The hydrogen fuel cell must be able to handle the explosive properties of hydrogen while making a good power source. There are many advances in nanotechnology that are improving the efficiency of the fuel cell, making it more affordable and accessible to people in developing nations. Many envision that vehicles of the future will be powered by renewable hydrogen, whose exhaust is pure water rather than the dangerous CO2 emissions. This review gives insight into what is happening on the nano scale for the improvement and advancement of the fuel cell, making it more accessible to the developing world.

How nanotechnology is improving the hydrogen fuel cell[edit | edit source]

Hydrogen fuel cells basically “converts the chemicals hydrogen and oxygen into water, and in the process it produces electricity” . A good picture of the fuel cell is available from [1]. Safer fuel cells are being developed using nanotechnology advances. One such technique uses single-walled carbon nanotubes to build more efficient hydrogen sensors . Researchers from the University of Wisconsin are working on a fuel cell with the potential of costing only $200 for materials, using AA batteries to make the nanowires. Kenneth Lux and Karien Rodriguez say: “Even the best electrocatalysts, on a flat surface, give only hundreds of microamps per square centimeter. What you really want is … to increase the surface area by orders of magnitude.”

"Lux and Rodriguez found their fuel channels ready-made in a commonly available, porous alumina filter costing only about $1. The filter is riddled with neat, cylindrical holes only 200 nanometers in diameter, and was already being used at their lab as a template for the growth of nanowires. Lux hit on the idea of creating nanowires in a platinum-copper alloy, then dissolving the copper by soaking the filter in nitric acid. In place of a solid nanowire, each hole was left with a porous platinum electrode. The partially dissolved wires are structurally complex, as befits their random nature, and have an enormous surface area for their size. To build a fuel cell, they fill the pores with acid. A sheet of electrolyte-loaded filter paper (or polymer-electrolyte) is placed between two of the nano-electrode arrays to carry off the hydrogen ions. Electrodes can then be placed anywhere on the outer surface of the sandwich, allowing the electrical connections to be easily configured. Stacks of these fuel cell arrays can be connected in series or parallel, to provide higher voltage or current respectively."


Pictures of their device are available at

Much research is being done through carbon nanotube synthesis to reduce the cost and increase the efficiency of fuel cells. Growing carbon nanotubes improves efficiency improves the utilization of the catalyst, and is therefore an improvement over carbon powders[2]. The multi-walled carbon nanotubes (MWNTs) make good electrical contact to the substrate (carbon paper). Although at the time of this research, Platinum particles were rather large, the researchers believed that decreased size in future would also increase the efficiency of the fuel cell . The “Single-Wall Carbon Nanotube-Based Proton Exchange Membrane Assembly for Hydrogen Fuel Cells” uses a platinum catalyst and is about 20% more efficient than the CFE/CB/Pt electrodes. This process improved the “performance of h2-based PEM fuel cells especially at higher pressures”. Research done with nano-sturctured hydrocarbon membranes in 2004 also helped to make the fuel cell more economical. The membrane, says Jim Balcom of PolyFuel Inc, “uses a lattice of nano-structured hydrocarbons to support a grid of conductive blocks through which protons flow as the cell generates electricity”. [3]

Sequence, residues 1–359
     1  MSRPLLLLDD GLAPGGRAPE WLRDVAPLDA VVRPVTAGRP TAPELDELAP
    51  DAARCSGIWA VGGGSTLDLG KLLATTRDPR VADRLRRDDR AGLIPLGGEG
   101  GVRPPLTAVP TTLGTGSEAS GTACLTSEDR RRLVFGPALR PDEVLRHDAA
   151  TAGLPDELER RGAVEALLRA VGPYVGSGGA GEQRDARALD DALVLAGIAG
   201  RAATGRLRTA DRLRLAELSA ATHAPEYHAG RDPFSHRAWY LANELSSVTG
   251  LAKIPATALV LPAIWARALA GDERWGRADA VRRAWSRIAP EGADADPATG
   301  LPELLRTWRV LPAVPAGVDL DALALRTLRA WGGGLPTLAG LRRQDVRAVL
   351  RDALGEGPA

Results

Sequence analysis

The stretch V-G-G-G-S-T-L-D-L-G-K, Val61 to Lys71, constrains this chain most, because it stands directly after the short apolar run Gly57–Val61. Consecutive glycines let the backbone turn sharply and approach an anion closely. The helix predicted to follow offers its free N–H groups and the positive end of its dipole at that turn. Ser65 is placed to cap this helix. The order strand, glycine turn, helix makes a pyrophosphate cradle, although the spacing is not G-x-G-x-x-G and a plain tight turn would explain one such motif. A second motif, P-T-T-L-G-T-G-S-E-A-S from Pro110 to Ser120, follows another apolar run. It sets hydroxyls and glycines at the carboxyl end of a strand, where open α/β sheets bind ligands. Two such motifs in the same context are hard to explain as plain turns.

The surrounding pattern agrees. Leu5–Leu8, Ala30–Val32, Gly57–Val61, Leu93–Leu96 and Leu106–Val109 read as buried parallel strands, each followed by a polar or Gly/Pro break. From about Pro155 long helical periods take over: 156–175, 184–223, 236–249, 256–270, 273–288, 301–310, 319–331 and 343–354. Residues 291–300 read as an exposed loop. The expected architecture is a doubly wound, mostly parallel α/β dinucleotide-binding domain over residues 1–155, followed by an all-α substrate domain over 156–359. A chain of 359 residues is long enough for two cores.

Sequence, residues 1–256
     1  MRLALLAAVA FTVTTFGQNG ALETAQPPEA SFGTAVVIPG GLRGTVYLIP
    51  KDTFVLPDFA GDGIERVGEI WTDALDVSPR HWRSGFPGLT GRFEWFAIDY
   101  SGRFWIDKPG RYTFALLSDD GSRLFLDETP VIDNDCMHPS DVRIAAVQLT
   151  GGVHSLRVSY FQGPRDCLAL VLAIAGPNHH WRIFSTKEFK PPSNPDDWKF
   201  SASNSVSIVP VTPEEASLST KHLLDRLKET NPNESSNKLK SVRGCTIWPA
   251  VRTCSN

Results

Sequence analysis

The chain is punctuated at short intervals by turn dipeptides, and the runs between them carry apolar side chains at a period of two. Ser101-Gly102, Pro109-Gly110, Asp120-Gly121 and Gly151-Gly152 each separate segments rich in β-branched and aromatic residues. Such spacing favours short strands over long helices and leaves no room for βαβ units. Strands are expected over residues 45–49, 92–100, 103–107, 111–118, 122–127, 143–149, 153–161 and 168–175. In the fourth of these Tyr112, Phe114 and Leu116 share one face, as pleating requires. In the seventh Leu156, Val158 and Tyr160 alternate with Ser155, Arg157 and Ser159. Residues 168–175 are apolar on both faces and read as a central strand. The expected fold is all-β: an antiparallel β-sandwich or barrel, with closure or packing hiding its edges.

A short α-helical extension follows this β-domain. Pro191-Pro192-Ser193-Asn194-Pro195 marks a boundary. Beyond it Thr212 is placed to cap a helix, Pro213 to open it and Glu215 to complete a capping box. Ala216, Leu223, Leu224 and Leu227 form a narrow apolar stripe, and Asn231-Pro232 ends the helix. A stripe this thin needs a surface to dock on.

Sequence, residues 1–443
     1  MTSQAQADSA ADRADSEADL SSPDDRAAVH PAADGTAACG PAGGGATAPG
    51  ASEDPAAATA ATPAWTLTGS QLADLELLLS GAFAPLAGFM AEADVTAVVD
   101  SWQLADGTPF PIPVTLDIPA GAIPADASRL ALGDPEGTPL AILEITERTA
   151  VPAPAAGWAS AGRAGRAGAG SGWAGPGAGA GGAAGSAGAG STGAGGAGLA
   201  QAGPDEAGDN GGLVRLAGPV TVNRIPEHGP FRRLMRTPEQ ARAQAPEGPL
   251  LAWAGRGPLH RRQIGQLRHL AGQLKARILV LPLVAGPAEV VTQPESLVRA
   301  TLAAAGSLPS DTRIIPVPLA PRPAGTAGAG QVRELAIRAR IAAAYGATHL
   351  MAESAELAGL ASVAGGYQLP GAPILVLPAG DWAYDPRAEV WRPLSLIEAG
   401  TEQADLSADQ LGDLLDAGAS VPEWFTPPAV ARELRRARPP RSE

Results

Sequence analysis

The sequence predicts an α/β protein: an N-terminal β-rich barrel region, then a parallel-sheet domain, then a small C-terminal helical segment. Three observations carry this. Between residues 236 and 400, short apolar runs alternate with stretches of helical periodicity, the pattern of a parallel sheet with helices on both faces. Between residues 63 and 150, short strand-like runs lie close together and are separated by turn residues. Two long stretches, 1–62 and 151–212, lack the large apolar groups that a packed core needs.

The synthesis of hydrogen is also an area that has been improved upon using nano.............

Fuel Cell System Components[edit | edit source]

  • separator plates, current collector plates, membrane electrode assembly (MEA), gaskets, and possibly heaters.
  • All the fuel cell requires to generate electricity is hydrogen and oxygen gas, or air.
  • Semi-permeable membrane must allow H through while blocking other elements

Carbon nanotube based fuel cell components[edit | edit source]

  • platinum or other precious metal catalyst
  • carbon paper for growing nanotubes

web page: How Stuff Works, it’s good to know. How Fuel Cells Work by Karim Nice and Jonathan Strickland. Accessed 1/26/08. Available:

web page: Nature, the Environment, and Stability News and Careers. Published August 01, 2007. Available:

web page: Science:Physics:Tech:Nano:News. Nano-scale fuel cells may be closer than we think, thanks to an inexpensive new manufacturing method. Nano Letters 6, 2006. Availalble:

Article: Proton Exchange Membrane Fuel Cells with Carbon Nanotube Based Electrodes. Nano Letters. 2004, Vol. 4, No. 2, 345-348. Cheng Wang et. al. American Chemical Society, 2004.

Article: Single-Wall Carbon Nanotube-Based Proton Exchange Membrane Assembly for Hydrogen Fuel Cells. G. Girishkumar et. al. Langmuir 2005, 21, 8487-8949. American Chemical Society

Article: New membrane makes cheaper, stronger fuel cells. David Forman. SmallTimes. 17 Dec. 2004. Available:

  1. Reference
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  3. Reference

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